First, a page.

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Pushback on changes to Conservation Authority Act

Pushback on changes to Conservation Authority Act

Conservation Halton has weighed in on the proposed changes to the Conservation Authority Act and is not happy. The Act would allow municipal councils to override Conservation Authorities on development disputes, would prevent Conservation Authorities from appealing at LPAT hearings and would remove citizen representation from CA boards.

In a release Conservation Halton writes: CH remains fully supportive of the Province’s stated intent to modernize the watershed-based scope, good governance, service delivery and sustainability of all Conservation Authorities (CAs).

CH is, however, concerned that some of the proposed amendments will significantly diminish the ability of CAs to ensure that both people and property are safe from natural hazards, while also protecting Ontario’s environment.

The proposed amendments would grant new powers to the Minister of Natural Resources and Forestry that would allow the Minister to make decisions regarding permit applications and appeals in place of the CA, without the non-partisan technical input and expertise of CAs. Bill 229 also proposes amendments to the Planning Act, which if passed, would prohibit CAs from appealing a municipal planning decision to the Local Planning Appeal Tribunal (LPAT) or becoming a party to an appeal before LPAT.

While there are currently checks and balances in place to ensure the safe development of communities, CH is concerned that new amendments will allow circumvention that leaves the possibility for development decisions that are both unsafe and negatively impact the environment.

“There are a number of disappointing proposed changes that have the potential to undermine conservation authorities and our ability to make science-based watershed management decisions in the interest of public health and safety. Living through the pandemic, we have seen first-hand just how important our environment and wetlands are to our residents. We do not want to see any decisions made that increase the risks from natural hazards, especially as we continue to work to mitigate climate change and conserve our watershed to allow for responsible growth today, without sacrificing the right of future generations to do the same.” said Hassaan Basit, CEO of Conservation Halton

CH views the governance changes calling for municipal councillors to make up the sole membership of the Board, while also being instructed to represent the interests of their respective municipalities, and not those of the CA or watershed residents, extremely problematic. This will create an environment in which fiduciary duties and responsibilities to the conservation authority are not upheld.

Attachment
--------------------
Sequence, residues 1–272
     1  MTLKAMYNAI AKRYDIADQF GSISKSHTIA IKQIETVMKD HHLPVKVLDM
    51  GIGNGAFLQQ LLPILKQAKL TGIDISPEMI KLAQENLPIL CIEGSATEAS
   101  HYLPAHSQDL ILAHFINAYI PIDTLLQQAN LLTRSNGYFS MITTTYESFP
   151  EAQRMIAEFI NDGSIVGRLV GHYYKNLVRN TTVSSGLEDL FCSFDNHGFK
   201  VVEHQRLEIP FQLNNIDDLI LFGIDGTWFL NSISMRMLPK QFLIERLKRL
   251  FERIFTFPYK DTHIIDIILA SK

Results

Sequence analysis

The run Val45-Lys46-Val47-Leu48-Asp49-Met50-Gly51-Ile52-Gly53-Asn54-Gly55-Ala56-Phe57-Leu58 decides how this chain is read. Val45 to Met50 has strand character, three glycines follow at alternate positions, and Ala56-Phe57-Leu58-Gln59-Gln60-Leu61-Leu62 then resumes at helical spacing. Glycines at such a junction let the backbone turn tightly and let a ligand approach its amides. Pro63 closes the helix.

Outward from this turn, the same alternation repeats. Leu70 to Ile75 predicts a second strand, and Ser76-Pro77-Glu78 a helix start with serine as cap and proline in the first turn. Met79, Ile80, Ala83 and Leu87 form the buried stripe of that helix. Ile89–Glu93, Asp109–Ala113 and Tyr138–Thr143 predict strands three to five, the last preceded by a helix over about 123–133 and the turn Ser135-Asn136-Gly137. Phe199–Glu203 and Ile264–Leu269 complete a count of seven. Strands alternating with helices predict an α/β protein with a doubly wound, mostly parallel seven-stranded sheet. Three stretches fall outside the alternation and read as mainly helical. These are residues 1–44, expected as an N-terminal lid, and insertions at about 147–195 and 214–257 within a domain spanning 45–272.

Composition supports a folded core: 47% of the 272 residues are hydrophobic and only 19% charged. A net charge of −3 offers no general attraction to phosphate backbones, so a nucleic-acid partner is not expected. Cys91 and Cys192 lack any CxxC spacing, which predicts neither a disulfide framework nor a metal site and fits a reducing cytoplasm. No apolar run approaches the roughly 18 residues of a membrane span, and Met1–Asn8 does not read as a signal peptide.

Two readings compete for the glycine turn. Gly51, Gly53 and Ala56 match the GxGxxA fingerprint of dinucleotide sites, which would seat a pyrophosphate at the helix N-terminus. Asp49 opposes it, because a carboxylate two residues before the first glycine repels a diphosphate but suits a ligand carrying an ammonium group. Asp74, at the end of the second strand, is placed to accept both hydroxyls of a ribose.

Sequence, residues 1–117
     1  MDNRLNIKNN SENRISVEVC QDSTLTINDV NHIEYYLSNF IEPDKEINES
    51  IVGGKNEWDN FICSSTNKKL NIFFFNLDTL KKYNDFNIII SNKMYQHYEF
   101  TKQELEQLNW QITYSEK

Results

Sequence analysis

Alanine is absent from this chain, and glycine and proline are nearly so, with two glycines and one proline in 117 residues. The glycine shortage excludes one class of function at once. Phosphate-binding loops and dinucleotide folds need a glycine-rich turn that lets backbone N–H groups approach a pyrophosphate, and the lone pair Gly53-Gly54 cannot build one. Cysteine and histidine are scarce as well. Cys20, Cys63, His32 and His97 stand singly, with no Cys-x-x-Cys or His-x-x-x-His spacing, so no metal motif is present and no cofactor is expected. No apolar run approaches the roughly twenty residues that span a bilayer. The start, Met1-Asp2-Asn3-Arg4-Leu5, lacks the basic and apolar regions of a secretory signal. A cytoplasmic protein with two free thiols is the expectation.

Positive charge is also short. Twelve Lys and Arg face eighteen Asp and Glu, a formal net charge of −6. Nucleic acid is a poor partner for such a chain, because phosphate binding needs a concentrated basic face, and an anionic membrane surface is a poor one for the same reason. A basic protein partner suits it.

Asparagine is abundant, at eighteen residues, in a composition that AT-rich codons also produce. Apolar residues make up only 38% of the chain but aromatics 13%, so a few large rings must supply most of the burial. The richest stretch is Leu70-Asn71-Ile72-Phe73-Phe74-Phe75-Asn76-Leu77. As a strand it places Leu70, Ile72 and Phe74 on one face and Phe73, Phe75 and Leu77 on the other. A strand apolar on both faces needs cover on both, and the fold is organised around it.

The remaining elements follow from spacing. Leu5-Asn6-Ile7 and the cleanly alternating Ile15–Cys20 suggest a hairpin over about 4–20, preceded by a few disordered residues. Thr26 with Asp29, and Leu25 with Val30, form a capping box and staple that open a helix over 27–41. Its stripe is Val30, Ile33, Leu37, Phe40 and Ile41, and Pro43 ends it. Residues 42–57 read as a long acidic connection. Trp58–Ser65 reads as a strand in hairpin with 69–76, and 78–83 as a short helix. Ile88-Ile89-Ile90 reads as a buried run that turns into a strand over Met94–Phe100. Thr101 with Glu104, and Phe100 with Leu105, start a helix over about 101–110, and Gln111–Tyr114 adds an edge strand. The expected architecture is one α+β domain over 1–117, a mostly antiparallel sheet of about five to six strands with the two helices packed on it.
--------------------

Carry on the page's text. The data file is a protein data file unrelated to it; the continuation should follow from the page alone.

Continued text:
Further, CH is disappointed in the proposed removal of the un-proclaimed stop work orders and limitations on power to entry provisions that this government had previously agreed to grant CAs. The removal of this tool takes away the ability to enforce regulations that keep life and property safe. It also diminishes the ability to address environmental violations early and work with stakeholders to remedy problems, leaving no tools but to pursue costly and time-consuming charges through the courts when violations occur.

These concerns were echoed by Lloyd Ferguson, the Chair of the Hamilton Conservation Authority on the Bill Kelly Show Thursday. Ferguson said the Hamilton Conservation Authority gets tremendous benefit from having citizen members on its board, who bring skill sets and expertise that would otherwise not be available. He was also concerned about provisions of the legislation that would strip away the powers of CA’s when it comes to development applications. Ferguson was also worried that CA’s would lose their mandate to operate revenue-producing attractions like trails and Wild Waterworks which provide the bulk of CA funding.

Burlington Mayor Marianne Meed Ward concurred with the concerns of Halton Conservation, writing, “The proposed changes to the Conservation Authorities Act put the environment and people at risk of flooding and natural hazards, creates more red tape and hinders the role of CAs in regulating development. I encourage residents to contact their local MPPs now and let them know how you feel about these proposed changes.”

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